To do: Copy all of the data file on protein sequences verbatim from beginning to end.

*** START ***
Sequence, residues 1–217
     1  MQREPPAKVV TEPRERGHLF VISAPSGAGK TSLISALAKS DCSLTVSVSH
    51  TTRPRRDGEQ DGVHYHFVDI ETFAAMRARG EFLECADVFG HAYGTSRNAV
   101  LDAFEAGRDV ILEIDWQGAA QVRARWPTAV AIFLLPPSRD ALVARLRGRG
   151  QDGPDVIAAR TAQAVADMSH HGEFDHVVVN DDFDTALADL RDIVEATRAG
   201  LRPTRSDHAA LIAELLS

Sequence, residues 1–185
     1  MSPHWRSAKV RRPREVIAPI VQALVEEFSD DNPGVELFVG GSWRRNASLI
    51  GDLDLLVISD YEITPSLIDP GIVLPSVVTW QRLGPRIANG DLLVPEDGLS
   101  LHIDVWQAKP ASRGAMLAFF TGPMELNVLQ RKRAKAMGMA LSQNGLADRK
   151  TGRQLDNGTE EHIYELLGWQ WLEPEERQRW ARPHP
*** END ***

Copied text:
Sequence, residues 1–217
     1  MQREPPAKVV TEPRERGHLF VISAPSGAGK TSLISALAKS DCSLTVSVSH
    51  TTRPRRDGEQ DGVHYHFVDI ETFAAMRARG EFLECADVFG HAYGTSRNAV
   101  LDAFEAGRDV ILEIDWQGAA QVRARWPTAV AIFLLPPSRD ALVARLRGRG
   151  QDGPDVIAAR TAQAVADMSH HGEFDHVVVN DDFDTALADL RDIVEATRAG
   201  LRPTRSDHAA LIAELLS

Sequence, residues 1–185
     1  MSPHWRSAKV RRPREVIAPI VQALVEEFSD DNPGVELFVG GSWRRNASLI
    51  GDLDLLVISD YEITPSLIDP GIVLPSVVTW QRLGPRIANG DLLVPEDGLS
   101  LHIDVWQAKP ASRGAMLAFF TGPMELNVLQ RKRAKAMGMA LSQNGLADRK
   151  TGRQLDNGTE EHIYELLGWQ WLEPEERQRW ARPHP